I didn’t watch “Breaking Bad” for years because I thought, wrongly, that it was the White man’s “The Wire.” I don’t particularly enjoy that I thought that, but I thought it. “Breaking Bad” does lack Black people, yes. But it has plenty of characters of color. The show also has very strong female leads and has a teenager in the show with a handicap. So, to say that “Breaking Bad” isn’t diverse would be a wrong statement. There’s a difference between a show being diverse and a show being diverse the way you want it to be.
But, whatever. That’s not what I wanted to write about. I wanted to spend some time discussing what an “Anti-hero” actually is. I don’t believe that such a thing exists and I’ll explain. Before I do that, I need to talk about what some people think an “Anti-hero” is and why these people should stop using the term.
An Anti-hero is a character that the reader/audience roots for, even though the character acts atypical of a hero. Walter White is a perfect example of this, of course. He’s the main character and he’s the one we want to see succeed. He had cancer. He cooked meth to raise money for his family. He had to kill, steal and lie his way out of a number of truly horrible situations. Even when he killed those that didn’t deserve it (RIP Mike), we allowed ourselves to be mad at him to an point. Then we felt sorry for him. Heavy is the head and all that. It’s hard to be Walter White. Even when he makes terrible decisions, decisions that cost people their lives, we still are on his side.
The problem with the term “Anti-hero” is that it describes a hero without heroic qualities. But that can’t exist. If you think of Matter and Anti-matter, then you think of one thing that exists and another that is its opposite. If Matter and Anti-matter touched, boom, explosions. Anti-anything acts in the reverse of what we understand. An Anti-hero is simply a jerk that has convinced us that he deserves our sympathies. That’s not heroic. It’s deceptive. It also allows us to think that unethical and immoral activities can lead to a place where there could be some good. If Walter finds himself with a butt-load of money and a safe, happy family, doesn’t that justify his actions? No. No, it doesn’t.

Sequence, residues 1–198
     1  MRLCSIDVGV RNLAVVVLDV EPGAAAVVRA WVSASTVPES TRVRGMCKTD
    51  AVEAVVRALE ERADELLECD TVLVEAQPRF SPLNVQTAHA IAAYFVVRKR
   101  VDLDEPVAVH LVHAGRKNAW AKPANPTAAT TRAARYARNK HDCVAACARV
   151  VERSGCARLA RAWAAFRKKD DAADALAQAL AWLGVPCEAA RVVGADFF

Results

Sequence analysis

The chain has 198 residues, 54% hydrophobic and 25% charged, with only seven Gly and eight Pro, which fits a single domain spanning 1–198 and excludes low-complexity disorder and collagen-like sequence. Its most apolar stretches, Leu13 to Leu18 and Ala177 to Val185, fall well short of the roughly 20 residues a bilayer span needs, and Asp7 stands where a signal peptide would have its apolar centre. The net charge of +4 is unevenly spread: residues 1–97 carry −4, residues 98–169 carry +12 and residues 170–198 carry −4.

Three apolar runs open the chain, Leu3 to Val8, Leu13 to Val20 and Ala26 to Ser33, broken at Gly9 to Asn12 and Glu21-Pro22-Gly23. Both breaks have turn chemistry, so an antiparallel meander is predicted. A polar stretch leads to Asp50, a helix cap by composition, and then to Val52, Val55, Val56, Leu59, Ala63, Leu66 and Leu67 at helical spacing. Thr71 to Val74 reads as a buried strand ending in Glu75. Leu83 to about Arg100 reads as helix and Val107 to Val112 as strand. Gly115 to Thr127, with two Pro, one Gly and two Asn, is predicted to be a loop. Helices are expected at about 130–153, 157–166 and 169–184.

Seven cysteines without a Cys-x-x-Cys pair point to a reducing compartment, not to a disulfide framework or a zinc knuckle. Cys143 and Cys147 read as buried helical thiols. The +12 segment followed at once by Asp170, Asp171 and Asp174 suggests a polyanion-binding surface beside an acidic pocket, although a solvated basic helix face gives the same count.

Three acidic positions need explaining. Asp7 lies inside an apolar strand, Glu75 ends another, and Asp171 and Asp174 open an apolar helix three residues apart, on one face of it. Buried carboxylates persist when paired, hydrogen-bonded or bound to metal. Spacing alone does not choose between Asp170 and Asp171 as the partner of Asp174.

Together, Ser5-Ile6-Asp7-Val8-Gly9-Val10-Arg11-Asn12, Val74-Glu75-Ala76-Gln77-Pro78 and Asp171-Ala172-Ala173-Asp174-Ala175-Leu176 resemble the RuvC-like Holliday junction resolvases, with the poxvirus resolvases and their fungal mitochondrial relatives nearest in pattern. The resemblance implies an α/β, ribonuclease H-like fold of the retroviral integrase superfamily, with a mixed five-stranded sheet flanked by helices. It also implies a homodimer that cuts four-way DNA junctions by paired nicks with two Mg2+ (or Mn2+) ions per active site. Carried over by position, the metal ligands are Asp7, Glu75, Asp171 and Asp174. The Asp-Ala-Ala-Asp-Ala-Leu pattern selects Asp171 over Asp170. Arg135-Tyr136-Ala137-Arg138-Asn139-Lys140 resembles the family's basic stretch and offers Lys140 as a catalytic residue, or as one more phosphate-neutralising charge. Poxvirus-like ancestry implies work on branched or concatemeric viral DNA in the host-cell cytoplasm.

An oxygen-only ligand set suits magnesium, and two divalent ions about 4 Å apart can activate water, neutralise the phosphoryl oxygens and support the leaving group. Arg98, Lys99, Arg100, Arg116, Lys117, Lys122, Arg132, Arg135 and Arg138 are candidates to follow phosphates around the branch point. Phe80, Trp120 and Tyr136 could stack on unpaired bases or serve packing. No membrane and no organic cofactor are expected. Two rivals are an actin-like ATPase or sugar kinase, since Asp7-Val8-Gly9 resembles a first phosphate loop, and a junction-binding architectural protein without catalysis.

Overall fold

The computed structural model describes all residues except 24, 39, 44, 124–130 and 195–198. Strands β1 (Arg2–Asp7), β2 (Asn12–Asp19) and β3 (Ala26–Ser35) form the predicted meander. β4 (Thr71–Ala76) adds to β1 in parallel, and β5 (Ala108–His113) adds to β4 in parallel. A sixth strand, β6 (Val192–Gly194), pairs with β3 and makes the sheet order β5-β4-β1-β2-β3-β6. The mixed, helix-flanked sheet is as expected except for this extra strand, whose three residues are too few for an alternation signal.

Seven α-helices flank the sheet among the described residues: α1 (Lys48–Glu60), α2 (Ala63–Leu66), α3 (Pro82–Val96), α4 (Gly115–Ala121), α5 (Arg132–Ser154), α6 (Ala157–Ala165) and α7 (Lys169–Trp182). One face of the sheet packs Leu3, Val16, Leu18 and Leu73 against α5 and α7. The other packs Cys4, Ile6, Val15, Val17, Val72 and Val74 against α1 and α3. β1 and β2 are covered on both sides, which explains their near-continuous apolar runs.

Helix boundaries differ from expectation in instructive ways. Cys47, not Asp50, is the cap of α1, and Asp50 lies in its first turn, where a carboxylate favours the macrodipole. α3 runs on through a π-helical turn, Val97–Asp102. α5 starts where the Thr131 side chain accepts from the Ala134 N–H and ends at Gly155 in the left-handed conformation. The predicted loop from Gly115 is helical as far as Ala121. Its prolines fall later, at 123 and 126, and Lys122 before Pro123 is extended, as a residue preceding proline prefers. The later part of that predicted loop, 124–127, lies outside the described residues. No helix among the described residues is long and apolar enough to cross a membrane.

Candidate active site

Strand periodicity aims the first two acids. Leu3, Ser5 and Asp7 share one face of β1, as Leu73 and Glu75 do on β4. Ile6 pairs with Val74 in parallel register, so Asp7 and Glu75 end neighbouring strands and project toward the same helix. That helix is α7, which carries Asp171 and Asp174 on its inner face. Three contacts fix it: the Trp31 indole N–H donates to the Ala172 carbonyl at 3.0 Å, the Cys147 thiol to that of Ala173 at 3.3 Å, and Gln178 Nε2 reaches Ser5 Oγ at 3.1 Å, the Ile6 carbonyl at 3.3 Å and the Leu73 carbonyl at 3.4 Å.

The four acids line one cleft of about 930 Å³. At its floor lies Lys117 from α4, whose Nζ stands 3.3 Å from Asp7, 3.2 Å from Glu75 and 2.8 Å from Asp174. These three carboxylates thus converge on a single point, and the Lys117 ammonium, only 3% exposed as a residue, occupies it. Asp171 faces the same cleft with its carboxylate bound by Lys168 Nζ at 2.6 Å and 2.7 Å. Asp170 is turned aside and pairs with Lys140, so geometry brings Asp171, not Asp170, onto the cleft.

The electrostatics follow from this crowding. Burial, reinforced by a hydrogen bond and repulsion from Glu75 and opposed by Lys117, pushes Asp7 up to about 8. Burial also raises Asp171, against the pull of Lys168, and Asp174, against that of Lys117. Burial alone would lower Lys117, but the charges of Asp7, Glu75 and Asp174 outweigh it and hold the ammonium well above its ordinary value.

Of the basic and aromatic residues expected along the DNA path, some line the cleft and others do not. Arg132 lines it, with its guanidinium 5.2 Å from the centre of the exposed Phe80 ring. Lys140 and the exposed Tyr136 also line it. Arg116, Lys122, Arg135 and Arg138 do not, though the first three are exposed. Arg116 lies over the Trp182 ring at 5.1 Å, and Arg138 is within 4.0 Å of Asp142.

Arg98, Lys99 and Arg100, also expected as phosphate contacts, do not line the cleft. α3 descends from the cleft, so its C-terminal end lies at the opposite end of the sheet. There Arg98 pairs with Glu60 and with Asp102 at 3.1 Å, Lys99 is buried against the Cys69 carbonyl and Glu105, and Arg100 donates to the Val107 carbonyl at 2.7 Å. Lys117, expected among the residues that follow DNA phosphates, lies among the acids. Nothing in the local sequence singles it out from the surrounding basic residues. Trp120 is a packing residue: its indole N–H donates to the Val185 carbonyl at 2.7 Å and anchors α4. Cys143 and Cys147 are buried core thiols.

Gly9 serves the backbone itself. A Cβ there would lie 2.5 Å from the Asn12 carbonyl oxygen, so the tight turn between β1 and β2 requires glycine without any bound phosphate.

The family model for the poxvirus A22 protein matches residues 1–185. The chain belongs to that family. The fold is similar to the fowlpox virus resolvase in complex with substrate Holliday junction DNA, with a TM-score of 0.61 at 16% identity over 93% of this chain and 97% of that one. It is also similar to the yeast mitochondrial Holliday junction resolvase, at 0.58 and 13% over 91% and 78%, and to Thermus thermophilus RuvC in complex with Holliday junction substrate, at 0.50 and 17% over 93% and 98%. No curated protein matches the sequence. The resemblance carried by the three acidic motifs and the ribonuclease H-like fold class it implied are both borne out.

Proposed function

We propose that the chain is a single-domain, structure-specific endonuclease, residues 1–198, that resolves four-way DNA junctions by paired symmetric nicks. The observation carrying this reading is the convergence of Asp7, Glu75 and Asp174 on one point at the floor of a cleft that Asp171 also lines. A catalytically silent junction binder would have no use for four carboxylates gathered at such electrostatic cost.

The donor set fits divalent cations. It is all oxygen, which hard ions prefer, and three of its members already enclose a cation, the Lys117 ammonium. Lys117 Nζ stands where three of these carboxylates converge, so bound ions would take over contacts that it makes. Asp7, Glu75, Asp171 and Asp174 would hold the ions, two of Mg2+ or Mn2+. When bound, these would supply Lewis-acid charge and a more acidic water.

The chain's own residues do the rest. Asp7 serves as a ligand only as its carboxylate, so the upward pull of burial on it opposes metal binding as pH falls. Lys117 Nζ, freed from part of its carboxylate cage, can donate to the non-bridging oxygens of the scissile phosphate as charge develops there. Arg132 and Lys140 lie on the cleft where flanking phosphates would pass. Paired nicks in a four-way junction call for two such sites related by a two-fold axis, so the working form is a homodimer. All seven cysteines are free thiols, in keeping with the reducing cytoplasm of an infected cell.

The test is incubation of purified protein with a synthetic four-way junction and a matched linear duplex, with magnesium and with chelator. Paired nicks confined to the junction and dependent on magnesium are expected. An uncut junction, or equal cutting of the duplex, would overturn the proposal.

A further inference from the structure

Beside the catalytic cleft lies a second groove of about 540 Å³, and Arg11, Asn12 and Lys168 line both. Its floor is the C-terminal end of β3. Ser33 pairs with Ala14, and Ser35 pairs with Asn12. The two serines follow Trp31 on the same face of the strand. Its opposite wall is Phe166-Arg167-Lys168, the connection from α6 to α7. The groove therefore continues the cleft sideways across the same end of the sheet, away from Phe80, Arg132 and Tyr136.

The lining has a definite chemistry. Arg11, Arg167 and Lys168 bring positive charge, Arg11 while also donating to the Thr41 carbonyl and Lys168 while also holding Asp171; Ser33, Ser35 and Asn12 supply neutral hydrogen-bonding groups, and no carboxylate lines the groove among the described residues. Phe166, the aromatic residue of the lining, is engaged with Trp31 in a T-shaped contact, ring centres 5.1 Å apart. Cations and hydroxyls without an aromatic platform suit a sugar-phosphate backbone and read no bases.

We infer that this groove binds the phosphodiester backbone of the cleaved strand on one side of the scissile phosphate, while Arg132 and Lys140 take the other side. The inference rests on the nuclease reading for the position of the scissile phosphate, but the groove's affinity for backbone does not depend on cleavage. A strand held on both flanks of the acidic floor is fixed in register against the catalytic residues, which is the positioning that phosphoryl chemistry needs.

Walter White isn’t an anti-hero (please stop using that term). No, Walter White is a protagonist. He is simply a character trying to achieve something in his life, trying to come to some understanding. Sure, maybe I’m just substituting one term for another. But the substitution makes more sense and also allows you to think about “Breaking Bad” differently.
All stories are about the human condition. What makes us human? In this case, the question is more important: What turns a normal guy into a monster? We have been watching that answer for five seasons. This progression, this movement from one place to another, is exactly how the protagonist is supposed to move through a narrative. The protagonist has to change, no matter how much staying the same might appeal to him and us. We want to see the change and we are interested in the change. It doesn’t mean he’s a hero. He is not trying to “win” anything. Walter White made the decision that he wasn’t a great man but that he wanted to be a great man. “Say my name,” he commanded the drug dealer. “I am the danger! I am the one who knocks!” he told his wife. “Tread lightly,” he told his DEA brother-and-law. All his life, he was nothing. He was a foot note in other people’s lives. Now he is Heisenberg. What did he have to pay to become something so great? He had to give up his humanity. He had to murder. He had to kill. He had to poison children as a form of rhetoric and he had to shrug off a boy’s death as a cost of doing business. If the term anti-hero is to be used properly in reference to “Breaking Bad,” then Walter would be a monster trying to destroy an even bigger, worse monster. There are no other monsters. There never was a monster.
Walter could have just died of cancer. He could have had a quiet death, dying of cancer because he couldn’t afford the treatment. All the people that have died in his wake would be alive now. His memory would be small, but untainted. He didn’t want that. He wanted to be remembered, however nefariously. Last night’s episode, “Blood Money” summed it up best. Walter is in his empty, damaged home. He stares in a cracked mirror and sees himself, the true demon, the demon he created, because that’s what he wanted.